“Sure, that’s great for you,” you say. “But I don’t have a treadmill (much less a treadmill desk), I can’t eat eggs, I hate tea, and I don’t have time to do all this in the morning anyway because I have to get the kids out the door for school before I brave the commute to my office. So how am I supposed to write every day for 100 days?”
Take heart, my friend. Set up the structure however you like it: write for five minutes every morning while the coffee drips into the pot if that’s all the time you have. The point is consistency. I’m just telling you what worked for me: establishing a mindless routine to serve as the backdrop for the thing I really want to be doing, i.e., the writing.
Author Matthew Dicks, who teaches fifth grade, writes books and essays and articles and daily blog posts, has a wedding DJ business, has a storytelling business, and has won the MOTH storytelling competition multiple times—in addition to being a husband and father—routinely fields this question. Among his strategies: instead of going out to buy lunch every day and hanging around with the other teachers, he brings oatmeal, eats it, and spends the rest of his lunch period writing.
I’m not saying I never break my routine. Today, I skipped the treadmill and the egg sandwich in favor of a chair on the porch and a bowl of Cheerios with the last of the blueberries I picked a few weeks ago. Before writing, I read the paper and a variety of article online. I even did the Jumble puzzle (inexplicably tucked into the travel section of the Sunday paper). The cats wandered out here and back inside, according to their whims. I made a quick trip to the grocery store, and I’ve done some minor housework (bare essentials, but not enough to disturb the peace of what may be the last summery Sunday until next year). But I also brought out my journal and a pen, and now the laptop so I can write in a leisurely fashion. Which I’m doing, so it counts.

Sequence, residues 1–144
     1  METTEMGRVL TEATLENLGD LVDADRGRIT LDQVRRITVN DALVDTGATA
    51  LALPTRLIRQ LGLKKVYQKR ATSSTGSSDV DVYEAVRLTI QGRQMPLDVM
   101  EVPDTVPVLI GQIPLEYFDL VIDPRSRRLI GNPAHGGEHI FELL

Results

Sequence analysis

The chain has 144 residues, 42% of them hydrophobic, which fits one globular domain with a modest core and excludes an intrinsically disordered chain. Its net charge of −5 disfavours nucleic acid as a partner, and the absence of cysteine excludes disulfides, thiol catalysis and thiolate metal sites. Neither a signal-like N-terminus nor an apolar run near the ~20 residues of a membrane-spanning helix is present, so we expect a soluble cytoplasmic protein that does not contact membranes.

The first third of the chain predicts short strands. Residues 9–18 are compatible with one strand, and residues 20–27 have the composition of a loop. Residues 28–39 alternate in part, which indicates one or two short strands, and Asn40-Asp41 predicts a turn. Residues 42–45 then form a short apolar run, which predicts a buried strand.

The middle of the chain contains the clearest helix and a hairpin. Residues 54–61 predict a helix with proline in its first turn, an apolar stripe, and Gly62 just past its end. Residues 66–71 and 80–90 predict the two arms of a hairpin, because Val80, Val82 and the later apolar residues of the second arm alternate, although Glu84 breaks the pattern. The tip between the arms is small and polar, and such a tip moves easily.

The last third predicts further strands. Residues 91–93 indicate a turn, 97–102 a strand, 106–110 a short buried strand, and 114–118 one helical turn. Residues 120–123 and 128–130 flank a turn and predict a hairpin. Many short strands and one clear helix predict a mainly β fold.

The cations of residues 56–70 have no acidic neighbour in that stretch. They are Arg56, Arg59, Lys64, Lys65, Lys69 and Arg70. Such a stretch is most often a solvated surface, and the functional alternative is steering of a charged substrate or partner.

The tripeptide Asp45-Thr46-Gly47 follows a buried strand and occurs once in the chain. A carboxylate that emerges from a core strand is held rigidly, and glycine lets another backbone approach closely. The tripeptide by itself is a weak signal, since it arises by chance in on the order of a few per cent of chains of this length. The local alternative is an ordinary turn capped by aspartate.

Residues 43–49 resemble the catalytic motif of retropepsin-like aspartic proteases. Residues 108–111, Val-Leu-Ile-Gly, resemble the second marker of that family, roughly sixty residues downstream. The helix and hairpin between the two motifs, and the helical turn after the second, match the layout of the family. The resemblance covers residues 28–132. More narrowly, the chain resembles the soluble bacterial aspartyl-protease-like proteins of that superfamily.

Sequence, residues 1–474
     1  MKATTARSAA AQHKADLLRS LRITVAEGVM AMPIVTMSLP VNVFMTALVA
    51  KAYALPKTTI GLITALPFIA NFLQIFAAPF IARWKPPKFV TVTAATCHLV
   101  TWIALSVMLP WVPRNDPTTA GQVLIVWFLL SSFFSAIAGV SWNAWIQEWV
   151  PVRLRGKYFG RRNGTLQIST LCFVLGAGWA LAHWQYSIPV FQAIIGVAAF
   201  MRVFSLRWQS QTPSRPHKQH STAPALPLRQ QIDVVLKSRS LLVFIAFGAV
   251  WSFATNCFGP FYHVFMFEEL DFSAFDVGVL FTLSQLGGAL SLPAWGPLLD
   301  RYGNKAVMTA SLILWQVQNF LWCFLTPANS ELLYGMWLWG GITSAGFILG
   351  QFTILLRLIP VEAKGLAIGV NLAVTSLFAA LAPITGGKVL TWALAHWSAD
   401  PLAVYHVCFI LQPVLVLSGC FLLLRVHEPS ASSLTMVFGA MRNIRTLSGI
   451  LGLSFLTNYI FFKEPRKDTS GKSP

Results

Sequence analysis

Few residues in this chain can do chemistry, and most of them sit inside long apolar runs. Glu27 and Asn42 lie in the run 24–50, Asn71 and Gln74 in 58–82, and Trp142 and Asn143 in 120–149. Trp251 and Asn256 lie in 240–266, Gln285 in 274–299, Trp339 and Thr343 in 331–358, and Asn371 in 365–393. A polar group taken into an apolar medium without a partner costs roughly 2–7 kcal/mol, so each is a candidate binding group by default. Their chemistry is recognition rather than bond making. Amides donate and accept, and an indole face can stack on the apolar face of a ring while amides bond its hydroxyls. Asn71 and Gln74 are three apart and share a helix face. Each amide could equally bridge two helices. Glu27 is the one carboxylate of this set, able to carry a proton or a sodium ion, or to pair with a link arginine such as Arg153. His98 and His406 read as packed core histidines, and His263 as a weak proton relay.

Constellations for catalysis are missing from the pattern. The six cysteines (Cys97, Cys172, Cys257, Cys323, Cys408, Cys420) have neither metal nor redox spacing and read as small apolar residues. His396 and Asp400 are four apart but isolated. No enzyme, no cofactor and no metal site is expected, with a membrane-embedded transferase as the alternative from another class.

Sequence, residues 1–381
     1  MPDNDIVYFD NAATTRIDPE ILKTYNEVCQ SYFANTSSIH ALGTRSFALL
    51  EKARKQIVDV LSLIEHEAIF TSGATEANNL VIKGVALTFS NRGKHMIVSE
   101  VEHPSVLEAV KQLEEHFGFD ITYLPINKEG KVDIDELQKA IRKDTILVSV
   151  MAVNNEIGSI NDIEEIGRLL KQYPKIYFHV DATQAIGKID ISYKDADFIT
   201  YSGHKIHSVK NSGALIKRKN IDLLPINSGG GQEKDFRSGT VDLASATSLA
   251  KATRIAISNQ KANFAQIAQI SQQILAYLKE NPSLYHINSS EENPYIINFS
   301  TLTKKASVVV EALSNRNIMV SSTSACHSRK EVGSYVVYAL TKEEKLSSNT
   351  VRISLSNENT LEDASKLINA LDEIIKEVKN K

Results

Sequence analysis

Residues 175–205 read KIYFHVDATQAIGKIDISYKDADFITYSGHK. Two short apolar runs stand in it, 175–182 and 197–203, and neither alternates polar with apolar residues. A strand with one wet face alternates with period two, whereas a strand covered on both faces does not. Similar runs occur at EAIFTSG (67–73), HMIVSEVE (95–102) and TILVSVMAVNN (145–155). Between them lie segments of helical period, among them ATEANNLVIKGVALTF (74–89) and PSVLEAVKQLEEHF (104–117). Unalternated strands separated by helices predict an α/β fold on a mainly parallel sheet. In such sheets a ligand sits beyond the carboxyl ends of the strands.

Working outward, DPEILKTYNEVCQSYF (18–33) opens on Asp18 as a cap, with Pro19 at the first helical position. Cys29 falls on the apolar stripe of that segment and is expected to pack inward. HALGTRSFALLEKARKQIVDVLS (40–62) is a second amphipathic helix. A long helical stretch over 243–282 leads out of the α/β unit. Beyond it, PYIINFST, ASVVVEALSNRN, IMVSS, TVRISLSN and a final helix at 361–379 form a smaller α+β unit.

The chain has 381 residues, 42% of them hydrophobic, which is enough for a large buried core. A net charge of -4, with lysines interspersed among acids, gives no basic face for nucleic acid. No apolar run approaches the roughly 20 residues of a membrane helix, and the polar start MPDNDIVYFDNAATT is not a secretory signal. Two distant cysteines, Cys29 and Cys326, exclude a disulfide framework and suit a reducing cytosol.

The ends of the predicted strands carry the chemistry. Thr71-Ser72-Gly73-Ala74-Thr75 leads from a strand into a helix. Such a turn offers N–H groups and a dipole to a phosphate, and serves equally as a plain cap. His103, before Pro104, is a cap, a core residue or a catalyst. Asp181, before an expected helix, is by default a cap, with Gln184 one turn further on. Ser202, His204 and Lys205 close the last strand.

What matters is committing to do for 100 days this great important thing that you’ve been dreaming about. The rest is details.
Because here’s what I’ve learned in the first 24 days*: it works.
Making a plan and sticking with it, even when it’s tough, is infinitely better than looking back at the end of that same 100 days and not being any further along than you were 100 days ago.
Plus, having the 100-day goal may alter your mindset. Consider this example:
On Day #2, I started a story that seemed to have potential. Within a few days, I’d lost interest (probably because nothing interesting was happening).
I had two choices: start a new story, or push on with this one. As is my habit, I abandoned the uncooperative story and started a new one.